Digital media firm Roxio Inc. has completed the sale of its consumer software division to Sonic Solutions, meaning that it will enter 2005 able to focus on the Napster online music service as its main operation. The sale was first announced in August.
Management’s decision this year to dispose of its software business earned mixed reviews, with some observers raving that the company will be able to better concentrate on Napster, while others warned that the firm is betting all its money on the still-developing online music sector.
With the sale of its software unit, the company is changing its name to Napster, with its shares set to begin trading under the new ticker symbol NAPS on Jan. 3.
“We are very pleased to have closed this transaction before the end of 2004 so we can now focus 100% of our efforts on taking Napster to new levels of success,” chairman/CEO Chris Gorog says.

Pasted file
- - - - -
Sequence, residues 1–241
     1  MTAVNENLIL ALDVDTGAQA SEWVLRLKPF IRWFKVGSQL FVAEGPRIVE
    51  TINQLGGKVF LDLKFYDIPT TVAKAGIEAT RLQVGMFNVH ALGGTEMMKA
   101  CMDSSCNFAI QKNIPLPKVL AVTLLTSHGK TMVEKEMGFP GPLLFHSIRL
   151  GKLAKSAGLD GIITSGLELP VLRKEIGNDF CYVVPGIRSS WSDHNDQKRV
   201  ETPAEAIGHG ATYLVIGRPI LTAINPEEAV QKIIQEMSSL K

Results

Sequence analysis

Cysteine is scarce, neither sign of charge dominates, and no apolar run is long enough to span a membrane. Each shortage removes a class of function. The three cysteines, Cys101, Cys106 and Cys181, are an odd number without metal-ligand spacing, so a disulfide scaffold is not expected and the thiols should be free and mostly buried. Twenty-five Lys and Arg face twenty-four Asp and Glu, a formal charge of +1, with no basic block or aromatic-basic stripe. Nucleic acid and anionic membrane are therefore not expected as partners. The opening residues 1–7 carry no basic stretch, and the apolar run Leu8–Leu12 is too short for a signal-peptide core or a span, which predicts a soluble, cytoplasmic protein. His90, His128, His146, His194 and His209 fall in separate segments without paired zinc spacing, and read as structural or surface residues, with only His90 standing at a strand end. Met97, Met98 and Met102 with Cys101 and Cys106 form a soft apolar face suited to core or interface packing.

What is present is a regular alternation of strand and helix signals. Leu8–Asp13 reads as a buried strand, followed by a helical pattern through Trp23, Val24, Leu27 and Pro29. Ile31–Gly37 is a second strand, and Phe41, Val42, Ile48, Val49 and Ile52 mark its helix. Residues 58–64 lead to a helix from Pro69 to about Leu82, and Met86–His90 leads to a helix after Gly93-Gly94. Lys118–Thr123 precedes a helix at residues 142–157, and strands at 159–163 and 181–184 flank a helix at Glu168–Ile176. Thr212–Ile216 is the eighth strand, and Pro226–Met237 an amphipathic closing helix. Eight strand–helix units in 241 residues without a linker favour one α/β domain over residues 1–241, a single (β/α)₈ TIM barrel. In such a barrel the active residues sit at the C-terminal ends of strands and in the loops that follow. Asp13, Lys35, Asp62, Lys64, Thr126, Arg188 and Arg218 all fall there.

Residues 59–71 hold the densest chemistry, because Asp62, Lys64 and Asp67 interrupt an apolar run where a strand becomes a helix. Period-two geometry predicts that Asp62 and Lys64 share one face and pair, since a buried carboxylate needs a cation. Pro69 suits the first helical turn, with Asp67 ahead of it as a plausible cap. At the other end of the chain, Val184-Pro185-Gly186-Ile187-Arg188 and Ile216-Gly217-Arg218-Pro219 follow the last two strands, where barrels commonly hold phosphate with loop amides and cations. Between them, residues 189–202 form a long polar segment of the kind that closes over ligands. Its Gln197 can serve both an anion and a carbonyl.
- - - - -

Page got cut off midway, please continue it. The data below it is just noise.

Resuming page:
The software sale has been approved by the boards of both companies, and stockholder approval is not necessary, according to Napster brass. “Roxio had filed a preliminary proxy to solicit stockholder approval of the transaction, but recent developments in Delaware corporate law and the recent growth of the Napster service have made a stockholder vote unnecessary,” the firm says.
Executives from various major music companies have said they expect 2005 to be the year when digital music will become a significant revenue contributor. As a result, the growth of Napster and other Web-based music providers, like Apple Computer’s market leader iTunes, will be in sharp focus next year.
For the six months ending Sept. 30, Napster reported online music revenue of $17.2 million on costs of $13.9 million.
The company’s shares closed yesterday (Dec. 20) down 0.4% at $7.84.